In response to the invasion, McCourt suggests Thatcher justified intervention by arguing that international norms had been broken and needed defending. Perhaps more honestly, British pride and reputation were at stake. Britain’s feelings were hurt by being attacked, but could be restored by returning to the state of the world pre-invasion. Indeed, Sanders and Houghton describe the war as “the last gasp of imperialism in retreat”. Moreover, after the war, the nearly £1 billion cost and bloody death toll of the counter-attack would have only added insult to injured British pride if the UK had changed its mind about ownership of the islands - something perhaps summed up well by the soldier who said, “if they’re worth fighting for, they must be worth keeping”.
Consequently, perhaps the current positions of the UK and Argentina on the islands owe at least some allegiance to pride and popularity, respectively. Inevitably, these will be considerations for both governments, but the extent of their importance is up for debate. However, for the average person making a judgement, these may not be an issue, and their opinion determined by the morality of the situation. Ask yourself, is self-determination more important, or relinquishing the islands to South American ownership? Defence of the Falkland Islands, or decolonisation?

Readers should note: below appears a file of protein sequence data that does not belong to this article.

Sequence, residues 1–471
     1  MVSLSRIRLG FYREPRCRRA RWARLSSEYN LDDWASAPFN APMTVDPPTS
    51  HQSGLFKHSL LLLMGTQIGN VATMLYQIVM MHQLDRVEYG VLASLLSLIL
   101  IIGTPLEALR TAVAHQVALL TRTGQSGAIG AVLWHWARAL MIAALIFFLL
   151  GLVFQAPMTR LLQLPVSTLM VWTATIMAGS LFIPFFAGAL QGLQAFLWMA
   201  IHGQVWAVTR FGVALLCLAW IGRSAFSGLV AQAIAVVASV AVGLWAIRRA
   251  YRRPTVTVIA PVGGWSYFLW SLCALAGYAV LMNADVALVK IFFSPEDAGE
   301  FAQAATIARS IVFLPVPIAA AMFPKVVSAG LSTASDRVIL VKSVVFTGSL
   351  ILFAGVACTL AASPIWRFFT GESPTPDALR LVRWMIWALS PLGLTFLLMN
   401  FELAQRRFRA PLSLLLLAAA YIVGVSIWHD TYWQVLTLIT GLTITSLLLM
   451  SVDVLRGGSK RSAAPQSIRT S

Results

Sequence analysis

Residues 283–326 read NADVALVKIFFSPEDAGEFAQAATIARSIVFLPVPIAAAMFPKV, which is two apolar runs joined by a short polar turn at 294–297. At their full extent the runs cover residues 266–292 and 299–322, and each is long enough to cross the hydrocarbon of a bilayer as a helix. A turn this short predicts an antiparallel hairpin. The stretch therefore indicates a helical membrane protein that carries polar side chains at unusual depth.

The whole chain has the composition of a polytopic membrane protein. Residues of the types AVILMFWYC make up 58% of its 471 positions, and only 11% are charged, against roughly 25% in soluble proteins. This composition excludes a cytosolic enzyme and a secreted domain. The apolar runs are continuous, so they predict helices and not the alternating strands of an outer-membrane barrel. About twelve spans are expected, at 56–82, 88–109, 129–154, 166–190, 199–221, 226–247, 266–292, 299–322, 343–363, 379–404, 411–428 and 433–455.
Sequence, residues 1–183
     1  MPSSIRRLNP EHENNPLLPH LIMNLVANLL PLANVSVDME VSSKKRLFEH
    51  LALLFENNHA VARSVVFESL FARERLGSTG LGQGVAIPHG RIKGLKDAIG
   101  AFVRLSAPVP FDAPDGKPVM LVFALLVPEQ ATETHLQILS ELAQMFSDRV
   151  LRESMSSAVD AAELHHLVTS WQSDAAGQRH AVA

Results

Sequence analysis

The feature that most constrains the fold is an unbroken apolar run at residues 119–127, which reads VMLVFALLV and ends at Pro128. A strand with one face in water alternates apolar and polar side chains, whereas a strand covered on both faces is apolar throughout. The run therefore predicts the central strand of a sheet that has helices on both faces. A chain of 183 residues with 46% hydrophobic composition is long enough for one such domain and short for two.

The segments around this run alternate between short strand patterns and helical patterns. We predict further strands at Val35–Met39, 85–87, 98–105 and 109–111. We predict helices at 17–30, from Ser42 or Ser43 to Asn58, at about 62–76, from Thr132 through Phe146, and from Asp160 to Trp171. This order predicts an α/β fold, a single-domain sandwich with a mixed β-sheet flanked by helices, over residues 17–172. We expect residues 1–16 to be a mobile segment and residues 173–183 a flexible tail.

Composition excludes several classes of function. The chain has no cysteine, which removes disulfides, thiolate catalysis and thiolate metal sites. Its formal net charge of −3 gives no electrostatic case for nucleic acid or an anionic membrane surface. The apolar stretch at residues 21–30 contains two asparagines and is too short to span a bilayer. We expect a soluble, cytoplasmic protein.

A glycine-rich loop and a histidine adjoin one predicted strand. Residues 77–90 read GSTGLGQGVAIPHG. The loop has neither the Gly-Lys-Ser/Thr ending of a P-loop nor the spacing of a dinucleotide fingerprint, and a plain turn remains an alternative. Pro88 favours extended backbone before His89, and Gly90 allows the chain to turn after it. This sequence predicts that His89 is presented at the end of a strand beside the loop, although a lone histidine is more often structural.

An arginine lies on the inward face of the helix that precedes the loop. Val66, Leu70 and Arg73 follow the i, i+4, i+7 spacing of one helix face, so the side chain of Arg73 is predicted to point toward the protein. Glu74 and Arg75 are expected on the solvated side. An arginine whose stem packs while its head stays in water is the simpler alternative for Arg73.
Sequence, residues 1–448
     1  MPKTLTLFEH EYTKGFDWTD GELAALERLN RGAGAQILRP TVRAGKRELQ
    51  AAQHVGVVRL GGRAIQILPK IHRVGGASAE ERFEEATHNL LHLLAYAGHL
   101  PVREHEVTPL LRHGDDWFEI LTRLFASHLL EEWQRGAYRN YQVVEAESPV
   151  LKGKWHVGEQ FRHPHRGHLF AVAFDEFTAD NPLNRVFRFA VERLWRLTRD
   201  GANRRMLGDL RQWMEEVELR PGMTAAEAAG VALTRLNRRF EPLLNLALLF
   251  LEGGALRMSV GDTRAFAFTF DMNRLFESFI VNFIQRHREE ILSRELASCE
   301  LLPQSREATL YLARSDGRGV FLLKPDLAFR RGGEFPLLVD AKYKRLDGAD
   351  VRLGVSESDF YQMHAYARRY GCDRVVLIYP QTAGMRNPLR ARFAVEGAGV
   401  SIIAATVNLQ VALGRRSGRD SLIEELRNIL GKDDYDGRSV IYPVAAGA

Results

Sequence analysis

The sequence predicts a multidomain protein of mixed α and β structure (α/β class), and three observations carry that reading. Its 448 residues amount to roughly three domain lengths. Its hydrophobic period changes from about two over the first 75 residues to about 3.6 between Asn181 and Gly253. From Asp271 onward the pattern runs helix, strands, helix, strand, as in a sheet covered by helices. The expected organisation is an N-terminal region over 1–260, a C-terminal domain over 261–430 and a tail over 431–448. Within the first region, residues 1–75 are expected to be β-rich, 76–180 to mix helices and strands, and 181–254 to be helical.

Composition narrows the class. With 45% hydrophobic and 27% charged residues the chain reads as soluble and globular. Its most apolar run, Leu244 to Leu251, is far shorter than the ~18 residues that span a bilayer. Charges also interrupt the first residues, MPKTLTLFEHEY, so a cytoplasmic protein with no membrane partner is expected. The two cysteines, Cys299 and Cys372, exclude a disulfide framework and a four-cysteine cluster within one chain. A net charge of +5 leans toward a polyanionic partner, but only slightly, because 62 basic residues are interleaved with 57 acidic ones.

British Broadcasting Corporation. (2015) ‘Britain to boost Falklands Islands defences’, BBC News, 24 March, available online at https://www.bbc.co.uk/news/uk-politics-32031342, accessed 18 March 2021.
Foreign & Commonwealth Office. (2012) The Overseas Territories: Security, Success and Sustainability, London: The Stationary Office.